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The Stats Behind Australia’s Driver Shortage

Data Blocks
Data Blocks

The trucking industry is the lifeblood of any economy across the globe, though many businesses are finding that the once-thriving sector isn’t what it used to be. A well-documented shortage of drivers is continually making headlines as it one of the biggest problems for the future of Australia’s trucking industry.

The issue of finding qualified drivers in one of Australia’s largest industries has been looming for over a decade, but in recent years the shortage has come to a head. According to  Teletrac Navman’s 2019 Benchmark Report, 39 per cent of businesses surveyed claimed that they were currently experiencing a shortage of heavy vehicle drivers. 

Let’s look at the numbers behind the shortage Aussie fleet operators are currently facing.

The Driver Shortage

In Victoria alone, it’s estimated that  it will take 5,000 additional drivers to combat the state’s shortfalls. The shortage impacts remote areas most, as representatives from the Regional Development Australia (RDA) believe it will take over 1,000 new drivers to combat the scarcity of drivers across south-west Victoria and south-east South Australia.

This is a major concern across all sectors. Due to the vast distances between Australia’s major cities, road trains and big rigs are the primary method of transferring goods across the country.  According to a 2016 survey by Volvo Group, trucks are responsible for transporting around 75 per cent of Australia’s non-bulk domestic freight, and this amount is expected to double by 2030.

Bruce Anson, chair of RDA Barwon South West, touched upon the long-term effects of this problem, claiming that  “it’s hampering the economy, productivity and economic return for the area”. The truck driver drought will create on-going supply and demand issues, driving up the costs of the delivery for suppliers and in turn raising prices of everyday goods for the average consumer.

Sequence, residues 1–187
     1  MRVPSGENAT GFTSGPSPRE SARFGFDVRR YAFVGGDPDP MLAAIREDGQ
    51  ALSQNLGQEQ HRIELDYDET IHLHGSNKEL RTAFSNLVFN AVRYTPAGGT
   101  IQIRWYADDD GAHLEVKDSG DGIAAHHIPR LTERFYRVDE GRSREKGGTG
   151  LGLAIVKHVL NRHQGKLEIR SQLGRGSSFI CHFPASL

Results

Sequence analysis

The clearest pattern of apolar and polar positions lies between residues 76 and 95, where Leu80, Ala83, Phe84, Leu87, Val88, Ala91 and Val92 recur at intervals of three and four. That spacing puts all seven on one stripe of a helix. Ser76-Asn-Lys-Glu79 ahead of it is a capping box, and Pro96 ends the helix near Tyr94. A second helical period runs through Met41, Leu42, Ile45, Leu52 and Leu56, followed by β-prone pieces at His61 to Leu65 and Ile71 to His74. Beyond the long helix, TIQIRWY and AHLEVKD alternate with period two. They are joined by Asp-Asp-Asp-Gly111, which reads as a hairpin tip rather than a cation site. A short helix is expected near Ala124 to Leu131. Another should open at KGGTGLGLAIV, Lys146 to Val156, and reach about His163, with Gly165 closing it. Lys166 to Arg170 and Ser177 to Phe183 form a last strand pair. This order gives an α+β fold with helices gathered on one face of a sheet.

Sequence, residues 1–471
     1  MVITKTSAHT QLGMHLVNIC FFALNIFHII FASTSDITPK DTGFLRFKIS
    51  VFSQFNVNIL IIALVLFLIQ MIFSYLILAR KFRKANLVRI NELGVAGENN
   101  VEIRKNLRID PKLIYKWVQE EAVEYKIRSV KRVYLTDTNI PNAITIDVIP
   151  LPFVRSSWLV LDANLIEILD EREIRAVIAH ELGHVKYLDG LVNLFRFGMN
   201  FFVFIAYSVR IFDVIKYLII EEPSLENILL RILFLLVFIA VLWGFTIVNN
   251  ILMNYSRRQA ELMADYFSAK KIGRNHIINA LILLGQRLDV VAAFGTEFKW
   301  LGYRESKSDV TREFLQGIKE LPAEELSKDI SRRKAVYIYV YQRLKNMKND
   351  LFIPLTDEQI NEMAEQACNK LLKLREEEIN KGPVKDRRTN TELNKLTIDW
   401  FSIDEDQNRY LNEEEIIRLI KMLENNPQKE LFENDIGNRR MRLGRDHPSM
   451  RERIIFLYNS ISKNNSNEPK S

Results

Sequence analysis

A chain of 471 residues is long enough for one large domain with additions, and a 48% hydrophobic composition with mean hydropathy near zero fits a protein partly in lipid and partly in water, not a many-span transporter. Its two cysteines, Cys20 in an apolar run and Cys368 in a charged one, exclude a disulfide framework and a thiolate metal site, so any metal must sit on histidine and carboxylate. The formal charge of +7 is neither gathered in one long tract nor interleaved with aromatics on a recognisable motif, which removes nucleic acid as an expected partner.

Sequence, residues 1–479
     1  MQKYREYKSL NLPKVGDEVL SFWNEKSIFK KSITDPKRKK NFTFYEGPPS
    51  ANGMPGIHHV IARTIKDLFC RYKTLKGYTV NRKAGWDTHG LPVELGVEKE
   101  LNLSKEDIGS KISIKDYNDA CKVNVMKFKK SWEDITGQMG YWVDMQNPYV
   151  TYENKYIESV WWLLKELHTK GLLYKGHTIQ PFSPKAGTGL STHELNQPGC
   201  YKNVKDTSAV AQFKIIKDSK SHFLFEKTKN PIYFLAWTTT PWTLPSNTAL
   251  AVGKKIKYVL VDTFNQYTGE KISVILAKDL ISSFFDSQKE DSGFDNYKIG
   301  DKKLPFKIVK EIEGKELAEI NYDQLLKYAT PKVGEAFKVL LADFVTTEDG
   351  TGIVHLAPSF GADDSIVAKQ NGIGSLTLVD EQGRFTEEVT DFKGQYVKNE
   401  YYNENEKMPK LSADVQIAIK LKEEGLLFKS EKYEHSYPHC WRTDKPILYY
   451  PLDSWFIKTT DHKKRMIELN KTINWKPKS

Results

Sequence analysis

Factors Impacting The Shortage 

The biggest factor impeding the growth of the industry is the public image of driving trucks as a long-term career option.  “The industry provides amazing career prospects and is essential to Australia’s economic success, but it’s still overlooked by many,” said Melissa Taylor, Managing Director of Taylor’s Removals, “now, transport needs to step up a gear and accelerate change”.

In the same Volvo Group survey, 88 per cent said there was a negative image of Australia’s trucking industry. The most common factors affecting public perception include unsafe working conditions, the long hours that come along with the job and the sacrifices that it entails. 

Dominated by an ageing workforce, less than 15 per cent of the trucking industry are under the age of 30, and because the average age of a commercial truck driver is 53, many are retiring faster than younger drivers can be hired. 

The costs of getting insured, obtaining a heavy vehicle license and moving through the different license classes are among the biggest obstacles faced by younger drivers and are impeding the development of the industry, which is concerning considering the projected growth of domestic freight in the next decade.

Although the industry has strived to promote gender equality over recent years, trucking is still a male-dominated domain, with  women only making up around 5 per cent of the nation’s heavy-vehicle operators.  

Shifting Public Perceptions

While the trucking industry is considered a dangerous industry to work in, recent technological innovations and a sector-wide culture shift has placed more importance on the wellbeing of truck drivers than ever before. 

Technology such as Electronic Work Diaries (EWD) are designed to manage fatigue for drivers by recording both a driver’s work and rest time and automatically calculating it against fatigue rulesets, even in the most remote areas of the Australian outback, taking the guesswork out of ensuring their safety. The EWD alerts drivers to when a rest break is required, allowing them to plan ahead and stay rested to help focus on the job at hand.